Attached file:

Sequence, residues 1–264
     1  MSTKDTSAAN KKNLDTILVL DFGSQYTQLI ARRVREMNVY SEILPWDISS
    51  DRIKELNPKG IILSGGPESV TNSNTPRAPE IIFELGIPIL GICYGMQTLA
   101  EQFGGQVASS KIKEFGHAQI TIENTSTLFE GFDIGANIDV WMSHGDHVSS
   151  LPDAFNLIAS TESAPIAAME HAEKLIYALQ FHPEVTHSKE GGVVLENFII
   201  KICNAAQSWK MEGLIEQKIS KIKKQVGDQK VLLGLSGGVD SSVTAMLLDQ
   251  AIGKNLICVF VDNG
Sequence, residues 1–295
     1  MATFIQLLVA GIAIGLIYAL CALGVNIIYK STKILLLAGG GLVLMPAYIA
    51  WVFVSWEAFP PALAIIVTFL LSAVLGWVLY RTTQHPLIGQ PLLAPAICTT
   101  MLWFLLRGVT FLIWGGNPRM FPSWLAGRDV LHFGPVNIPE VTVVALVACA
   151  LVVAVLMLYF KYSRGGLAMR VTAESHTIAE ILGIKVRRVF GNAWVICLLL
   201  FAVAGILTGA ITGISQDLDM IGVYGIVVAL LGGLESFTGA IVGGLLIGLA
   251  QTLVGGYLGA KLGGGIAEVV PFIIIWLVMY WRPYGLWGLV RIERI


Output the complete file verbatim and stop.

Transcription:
Sequence, residues 1–264
     1  MSTKDTSAAN KKNLDTILVL DFGSQYTQLI ARRVREMNVY SEILPWDISS
    51  DRIKELNPKG IILSGGPESV TNSNTPRAPE IIFELGIPIL GICYGMQTLA
   101  EQFGGQVASS KIKEFGHAQI TIENTSTLFE GFDIGANIDV WMSHGDHVSS
   151  LPDAFNLIAS TESAPIAAME HAEKLIYALQ FHPEVTHSKE GGVVLENFII
   201  KICNAAQSWK MEGLIEQKIS KIKKQVGDQK VLLGLSGGVD SSVTAMLLDQ
   251  AIGKNLICVF VDNG
Sequence, residues 1–295
     1  MATFIQLLVA GIAIGLIYAL CALGVNIIYK STKILLLAGG GLVLMPAYIA
    51  WVFVSWEAFP PALAIIVTFL LSAVLGWVLY RTTQHPLIGQ PLLAPAICTT
   101  MLWFLLRGVT FLIWGGNPRM FPSWLAGRDV LHFGPVNIPE VTVVALVACA
   151  LVVAVLMLYF KYSRGGLAMR VTAESHTIAE ILGIKVRRVF GNAWVICLLL
   201  FAVAGILTGA ITGISQDLDM IGVYGIVVAL LGGLESFTGA IVGGLLIGLA
   251  QTLVGGYLGA KLGGGIAEVV PFIIIWLVMY WRPYGLWGLV RIERI